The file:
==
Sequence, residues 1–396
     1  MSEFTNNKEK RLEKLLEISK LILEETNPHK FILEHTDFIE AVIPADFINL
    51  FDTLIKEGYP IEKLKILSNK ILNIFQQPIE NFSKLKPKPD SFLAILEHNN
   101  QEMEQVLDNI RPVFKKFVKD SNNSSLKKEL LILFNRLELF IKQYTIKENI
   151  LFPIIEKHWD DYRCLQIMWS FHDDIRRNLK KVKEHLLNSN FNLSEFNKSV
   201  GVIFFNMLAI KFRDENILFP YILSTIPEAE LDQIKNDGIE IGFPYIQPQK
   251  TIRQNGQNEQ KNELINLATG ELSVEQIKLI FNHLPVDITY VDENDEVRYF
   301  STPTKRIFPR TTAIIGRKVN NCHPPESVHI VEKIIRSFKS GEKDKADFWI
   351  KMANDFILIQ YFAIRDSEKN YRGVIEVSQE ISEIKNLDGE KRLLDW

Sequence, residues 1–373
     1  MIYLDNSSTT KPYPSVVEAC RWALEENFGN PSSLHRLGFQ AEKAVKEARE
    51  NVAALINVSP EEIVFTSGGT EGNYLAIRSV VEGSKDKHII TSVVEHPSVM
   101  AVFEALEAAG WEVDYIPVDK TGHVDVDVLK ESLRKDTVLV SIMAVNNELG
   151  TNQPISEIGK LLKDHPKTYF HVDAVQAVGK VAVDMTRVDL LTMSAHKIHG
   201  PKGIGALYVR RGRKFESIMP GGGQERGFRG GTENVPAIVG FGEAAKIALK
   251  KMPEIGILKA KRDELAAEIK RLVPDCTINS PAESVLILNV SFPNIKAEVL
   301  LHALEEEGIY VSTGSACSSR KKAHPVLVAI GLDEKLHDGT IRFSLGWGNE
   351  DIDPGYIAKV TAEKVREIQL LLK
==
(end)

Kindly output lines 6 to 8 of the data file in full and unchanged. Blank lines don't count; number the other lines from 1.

   201  GVIFFNMLAI KFRDENILFP YILSTIPEAE LDQIKNDGIE IGFPYIQPQK
   251  TIRQNGQNEQ KNELINLATG ELSVEQIKLI FNHLPVDITY VDENDEVRYF
   301  STPTKRIFPR TTAIIGRKVN NCHPPESVHI VEKIIRSFKS GEKDKADFWI